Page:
Where are our boys? Curator and author Martin Woods explains how newsmaps won the Great War

Fred. W. Rose’s Serio-comic war map for the year 1877. (detail) Photo: National Library of Australia Gallipoli, Turkey in Asia, between 1915 and 1920. (detail) Photo: National Library of Australia

Hore, L. F. S. (Leslie Fraser Standish), 1870-1935, Anzac Panorama, August 7th 1915. (detail) Photo: National Library of Australia

Detail of Lille map. Photo: National Library of Australia

Maps conveying news of war are as old as Ptolemy. In the second century AD, his map of the Middle East spread the news across the Empire of victory over the Judeans, and the redrawing of boundaries for the new Roman province of Syria Palestina. The map was part of an ancient media campaign to quell any similar unrest.

Over many centuries since, maps have led the public war story, bringing a sense of order at home while the situation in the field was anything but. At the outbreak of the First World War, the newspaper map, or newsmap, became the window through which readers in Australia and across the British Empire read the war. Once limited to learned chronicles and soldier’s memoirs, thanks to unprecedented news packaging the cartography of catastrophe was now available to all.

Re-reading the news of 100 years ago, it struck me just how many maps there were in the press in the opening days of the war. With great optimism about Australia’s part in the European conflict, there was also excitement about new military technologies, and about the almost instant news imagery available through the wonders of telegraphic communications. Looking at literally thousands of maps for Where Are Our Boys? How Newsmaps Won the Great Warled me to wonder a few things about how Australians read the war today. How different the war story was, compared to what we have learnt since, with so many places forgotten and names lost—today’s remembrance reduced to a favoured few. I also began to understand how maps were part of everyday life then, and how central they became to the effort of fighting the war itself.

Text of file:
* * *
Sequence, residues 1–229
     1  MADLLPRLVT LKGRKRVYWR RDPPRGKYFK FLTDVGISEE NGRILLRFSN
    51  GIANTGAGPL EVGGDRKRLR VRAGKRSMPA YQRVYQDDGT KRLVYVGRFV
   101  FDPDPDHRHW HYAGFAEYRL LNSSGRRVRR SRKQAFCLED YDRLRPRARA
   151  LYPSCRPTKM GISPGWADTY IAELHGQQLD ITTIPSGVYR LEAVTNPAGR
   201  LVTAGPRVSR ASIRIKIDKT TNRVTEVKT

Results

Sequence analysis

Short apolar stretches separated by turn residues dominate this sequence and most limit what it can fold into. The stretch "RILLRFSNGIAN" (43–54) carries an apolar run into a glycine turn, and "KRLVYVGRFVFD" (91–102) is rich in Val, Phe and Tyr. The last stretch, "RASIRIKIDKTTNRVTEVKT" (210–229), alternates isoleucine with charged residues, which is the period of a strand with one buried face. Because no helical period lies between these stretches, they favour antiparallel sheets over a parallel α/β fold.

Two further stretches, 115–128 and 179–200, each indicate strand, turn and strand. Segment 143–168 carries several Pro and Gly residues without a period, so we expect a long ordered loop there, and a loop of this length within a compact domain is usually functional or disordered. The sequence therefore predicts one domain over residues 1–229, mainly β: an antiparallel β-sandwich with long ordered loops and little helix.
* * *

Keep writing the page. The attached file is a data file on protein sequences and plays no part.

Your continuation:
In the early part of the war, the storm in the Balkans seemed part of a European game with ancient origins. Readers were encouraged to get a good map and follow the war while it lasted. As one writer to Melbourne’s The Bowen Independent rhymed it, “When the Kaiser with Russia decided to scrap, The Man in the Street went and purchased a map”. In early 1915, a war game fad marketed by news publishers and manufacturers of tea and coffee, led readers to advance their own flags to Constantinople.